After Indian Minister of External Affairs, Sushma Swaraj, left the tastefully decorated conference room of the Pan Pacific Sonargaon Hotel in Dhaka on Sunday evening, journalists from different TV channels rushed in with their cameras and brooms to do their instant piece to camera from the lobby. Almost all of them began their segment with “Sushma Swaraj expresses grave concern about the Rohingya situation in Bangladesh…”
I was standing at a corner of the lobby with a veteran diplomatic correspondent from a national daily, watching this flurry of activity. “[Sushma Swaraj] didn’t use the word ‘Rohingya’, did she?” asked my companion. I looked at the printed version of Sushma Swaraj’s statement, from which she read during the press brief after co-chairing the fourth meeting of the Joint Consultative Commission (JCC) with her Bangladeshi counterpart A.H. Mahmood Ali. In the printed statement, I did not find the word ‘Rohingya.’
Before the press brief, journalists were told by both the officials from the Foreign Ministry of Bangladesh and the Indian High Commission that there wouldn’t be any Q&A session after the statements by the two ministers. Such ‘simplex’ communication by diplomats and policymakers has always frustrated journalists. The press brief after any JCC meet with India always takes place without the Q&A session.
A JCC meeting with India is a significant event. Important deals are inked, the progress of joint development programs get assessed, and long-standing unsolved issues like sharing of Teesta water or border killings are discussed in polished vocabularies between the two countries’ diplomatic teams. At this fourth JCC meeting that took place in Dhaka on October 22, asides from these usual topics, there was the pressing matter of the ongoing Rohingya crisis that Bangladeshi journalists were keen to hear Swaraj’s comments on.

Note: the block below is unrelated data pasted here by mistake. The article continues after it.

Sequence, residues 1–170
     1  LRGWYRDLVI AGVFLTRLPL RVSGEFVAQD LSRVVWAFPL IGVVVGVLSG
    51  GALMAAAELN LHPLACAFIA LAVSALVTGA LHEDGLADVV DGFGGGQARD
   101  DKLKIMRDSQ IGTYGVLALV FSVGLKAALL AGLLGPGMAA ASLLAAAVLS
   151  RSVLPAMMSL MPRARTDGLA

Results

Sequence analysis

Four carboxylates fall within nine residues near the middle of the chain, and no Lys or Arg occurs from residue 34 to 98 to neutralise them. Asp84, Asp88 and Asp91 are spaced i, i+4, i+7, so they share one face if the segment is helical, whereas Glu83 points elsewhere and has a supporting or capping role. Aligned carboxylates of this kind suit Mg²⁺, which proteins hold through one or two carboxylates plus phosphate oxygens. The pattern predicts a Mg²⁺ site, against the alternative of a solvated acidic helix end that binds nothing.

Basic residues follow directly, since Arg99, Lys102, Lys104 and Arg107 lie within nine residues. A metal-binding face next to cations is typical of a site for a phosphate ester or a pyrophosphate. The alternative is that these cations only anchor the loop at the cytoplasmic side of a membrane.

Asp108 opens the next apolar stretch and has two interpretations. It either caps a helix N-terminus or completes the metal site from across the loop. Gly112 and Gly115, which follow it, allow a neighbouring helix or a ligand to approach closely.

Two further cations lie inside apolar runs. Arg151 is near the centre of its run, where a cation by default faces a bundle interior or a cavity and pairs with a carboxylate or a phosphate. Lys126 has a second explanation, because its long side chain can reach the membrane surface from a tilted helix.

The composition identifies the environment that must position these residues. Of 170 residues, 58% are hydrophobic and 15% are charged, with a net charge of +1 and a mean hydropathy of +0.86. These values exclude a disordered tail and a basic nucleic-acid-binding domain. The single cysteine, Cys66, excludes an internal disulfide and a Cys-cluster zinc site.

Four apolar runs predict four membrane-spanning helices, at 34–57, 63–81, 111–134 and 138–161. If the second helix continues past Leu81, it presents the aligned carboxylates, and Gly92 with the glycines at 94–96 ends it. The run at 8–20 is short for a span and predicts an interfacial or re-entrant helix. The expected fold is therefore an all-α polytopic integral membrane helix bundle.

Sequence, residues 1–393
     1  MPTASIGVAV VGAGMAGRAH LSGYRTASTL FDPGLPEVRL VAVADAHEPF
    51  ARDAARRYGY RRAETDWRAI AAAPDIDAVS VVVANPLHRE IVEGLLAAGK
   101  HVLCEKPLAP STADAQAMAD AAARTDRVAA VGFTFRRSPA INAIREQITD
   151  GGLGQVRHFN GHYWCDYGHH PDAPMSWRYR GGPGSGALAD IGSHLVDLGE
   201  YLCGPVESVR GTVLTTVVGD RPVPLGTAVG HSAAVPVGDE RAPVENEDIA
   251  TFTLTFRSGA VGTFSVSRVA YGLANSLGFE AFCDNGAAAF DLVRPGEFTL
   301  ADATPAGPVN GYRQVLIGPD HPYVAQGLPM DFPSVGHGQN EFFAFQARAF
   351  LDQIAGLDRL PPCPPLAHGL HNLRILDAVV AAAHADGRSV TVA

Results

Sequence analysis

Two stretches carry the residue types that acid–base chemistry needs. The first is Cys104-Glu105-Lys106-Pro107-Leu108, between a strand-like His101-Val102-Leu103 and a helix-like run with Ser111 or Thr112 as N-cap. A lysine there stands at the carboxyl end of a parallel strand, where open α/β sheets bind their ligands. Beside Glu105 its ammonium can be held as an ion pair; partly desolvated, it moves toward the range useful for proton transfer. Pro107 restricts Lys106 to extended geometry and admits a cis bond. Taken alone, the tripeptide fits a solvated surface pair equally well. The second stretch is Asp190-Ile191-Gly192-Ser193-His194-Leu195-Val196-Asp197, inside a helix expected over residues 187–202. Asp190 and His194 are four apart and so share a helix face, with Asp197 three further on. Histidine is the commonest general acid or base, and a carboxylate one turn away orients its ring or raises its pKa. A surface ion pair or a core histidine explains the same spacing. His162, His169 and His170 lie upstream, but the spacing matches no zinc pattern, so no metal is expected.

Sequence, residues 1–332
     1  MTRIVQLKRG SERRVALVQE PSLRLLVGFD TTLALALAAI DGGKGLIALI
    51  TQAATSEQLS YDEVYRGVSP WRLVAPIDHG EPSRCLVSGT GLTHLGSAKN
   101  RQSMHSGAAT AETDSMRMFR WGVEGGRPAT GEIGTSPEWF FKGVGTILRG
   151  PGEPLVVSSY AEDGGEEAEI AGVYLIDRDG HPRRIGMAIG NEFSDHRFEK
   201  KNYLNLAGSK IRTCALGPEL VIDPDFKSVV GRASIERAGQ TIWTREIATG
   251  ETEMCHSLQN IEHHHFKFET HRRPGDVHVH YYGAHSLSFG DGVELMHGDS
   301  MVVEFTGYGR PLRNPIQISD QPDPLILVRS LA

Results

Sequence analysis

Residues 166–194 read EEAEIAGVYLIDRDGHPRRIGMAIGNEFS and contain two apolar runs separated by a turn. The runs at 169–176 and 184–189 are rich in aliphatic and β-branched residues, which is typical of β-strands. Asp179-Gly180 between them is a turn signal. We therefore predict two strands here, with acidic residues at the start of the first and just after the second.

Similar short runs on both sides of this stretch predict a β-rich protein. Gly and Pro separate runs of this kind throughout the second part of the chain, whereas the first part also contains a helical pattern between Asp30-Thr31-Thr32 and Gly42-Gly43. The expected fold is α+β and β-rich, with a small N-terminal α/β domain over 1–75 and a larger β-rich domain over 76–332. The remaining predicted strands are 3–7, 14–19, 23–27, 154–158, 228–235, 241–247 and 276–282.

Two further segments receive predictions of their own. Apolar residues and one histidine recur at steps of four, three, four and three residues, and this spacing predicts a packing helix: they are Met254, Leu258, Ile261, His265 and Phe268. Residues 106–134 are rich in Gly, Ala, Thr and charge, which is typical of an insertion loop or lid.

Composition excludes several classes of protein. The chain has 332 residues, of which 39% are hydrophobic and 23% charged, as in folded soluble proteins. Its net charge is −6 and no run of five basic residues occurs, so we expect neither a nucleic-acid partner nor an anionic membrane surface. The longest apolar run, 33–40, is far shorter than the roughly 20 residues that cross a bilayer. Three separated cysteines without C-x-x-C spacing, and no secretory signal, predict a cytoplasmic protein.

India maintains a delicate balance between Dhaka and Nyay Pyi Taw over the fate of more than 700,000 Rohingya refugees who streamed into Bangladesh after August 25. And between ‘suave diplomacy’ and ‘pragmatic partiality’ India has chosen the former. Swaraj obviously spoke in tune with Prime Minister Narendra Modi, who during his Myanmar visit in early September, had refrained from using the word Rohingya—a disputed term in Myanmar. While the world focused its spotlight on the unfolding Rohingya refugee crisis, the Indian Premier shared ‘concern’ with the Myanmar government on ‘extremist violence’ in Rakhine province. Modi praised Myanmar’s State Counselor Aung San Suu Kyi’s leadership in his first bilateral visit to the Southeast Asian country, at a time when Suu Kyi—a nobel peace prize winner—had been falling fast into disrepute for her inaction in the face of state-backed cleansing of Myanmar’s Rohingya. In turn, Suu Kyi thanked Modi for India’s stance on the ‘terror threat’ faced by her country.
The noticeable absence of strong response in the Indian Premier’s public statement about the Rohingya crisis propelled Bangladesh to express unhappiness, and this in turn led to a recalibration of New Delhi’s statements on the Rohingya issue. However Modi’s statement limits room for future responses from his government’s Ministry of External Affairs, and thus Indian diplomats are left with the option of being crisis managers through ‘soft and vague’ diplomatic communique. So on Sunday, Swaraj, an articulate diplomat, conveyed an equivocal position by stating that “normalcy will only be restored with the return of the displaced persons to Rakhine state.” This statement, regarding the right of the refugees to return home, was the first such pronouncement from the Indian political leadership. Swaraj said that the situation had to be “handled with restraint, keeping in mind the welfare of the population” and she reiterated India’s standard position that the “long term” solution to the issue of displaced persons in Rakhine State was its socio-economic development. “We have also supported implementation of the recommendations contained in the Kofi Annan led Special Advisory Commission report,” she said.